Even alongside experienced actors like Glenn Close, 13-year-old Sennia Nanua is the true star, from her lovable childlike moments to her haunting microexpressions when Melanie realizes she’s about to go feral. There’s a constant tension between Melanie’s innocent love for Miss Justineau, and the knowledge that something could go wrong at any moment. 

The Girl With All The Gifts manages the rare feat of finding a new direction among the familiar elements of a zombie story, reframing the apocalyptic outbreak as a kind of Darwinian conflict where the desperate, cruel humans may not actually deserve to survive. And without spoiling any later plot twists, we can say that it does go somewhere interesting with these ideas.

The film’s low budget is occasionally noticeable during special effects shots, but this only serves to highlight how much can be done with a good idea and an excellent cast. It’s miles ahead of recent mainstream offerings like World War Z and Pride and Prejudice and Zombies, making it more like the Ex Machina of the zombie genre.

The Girl With All The Gifts is out in the U.K. on Sept.23, and at festival screenings in the U.S.

Let’s block ads! (Why?)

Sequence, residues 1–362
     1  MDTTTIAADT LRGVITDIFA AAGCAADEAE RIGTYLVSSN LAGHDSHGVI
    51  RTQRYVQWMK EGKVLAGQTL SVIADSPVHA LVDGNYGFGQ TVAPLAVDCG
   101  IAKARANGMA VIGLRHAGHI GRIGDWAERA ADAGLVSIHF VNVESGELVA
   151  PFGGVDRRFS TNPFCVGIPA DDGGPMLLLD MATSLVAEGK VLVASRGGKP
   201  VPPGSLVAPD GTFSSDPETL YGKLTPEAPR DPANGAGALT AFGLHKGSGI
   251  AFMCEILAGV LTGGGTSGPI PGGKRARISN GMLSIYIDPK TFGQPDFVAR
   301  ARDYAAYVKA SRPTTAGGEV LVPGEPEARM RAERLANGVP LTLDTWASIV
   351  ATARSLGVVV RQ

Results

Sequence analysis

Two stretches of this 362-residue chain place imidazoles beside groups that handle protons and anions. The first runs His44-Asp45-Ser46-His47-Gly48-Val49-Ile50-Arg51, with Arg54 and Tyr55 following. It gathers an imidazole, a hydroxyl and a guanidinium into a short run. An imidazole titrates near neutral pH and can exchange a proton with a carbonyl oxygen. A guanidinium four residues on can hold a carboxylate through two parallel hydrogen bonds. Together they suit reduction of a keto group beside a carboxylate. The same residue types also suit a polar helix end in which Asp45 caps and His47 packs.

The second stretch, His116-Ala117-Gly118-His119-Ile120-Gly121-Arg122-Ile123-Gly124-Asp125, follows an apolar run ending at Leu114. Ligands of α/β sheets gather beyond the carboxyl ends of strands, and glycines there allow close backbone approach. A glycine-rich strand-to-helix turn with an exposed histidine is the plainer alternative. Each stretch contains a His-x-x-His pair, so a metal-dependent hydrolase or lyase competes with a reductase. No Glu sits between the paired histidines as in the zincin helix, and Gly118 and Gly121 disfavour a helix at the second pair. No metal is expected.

Powered by WPeMatico

Review: 'The Girl With All The Gifts' Is the Best Zombie Movie of 2016 – The Daily Dot

September 24th, 2016

After a summer of lackluster franchise sequels, British zombie movie The Girl With All The Gifts is a breath of fresh air. Making incredibly good use of its $5.2 million budget, it could be the rightful heir to 28 Days Later.

Written by comic book author Mike Carey (Lucifer, Hellblazer) and directed by Colm McCarthy (Peaky Blinders, Sherlock), The Girl With All The Gifts has an unusual origin story. Instead of being a straight adaptation of Carey’s 2014 novel of the same name, he wrote the screenplay and the book at the same time. Against all the odds, both turned out great: The novel was well received by critics, and the film is a deliciously tense and clever twist on classic zombie tropes.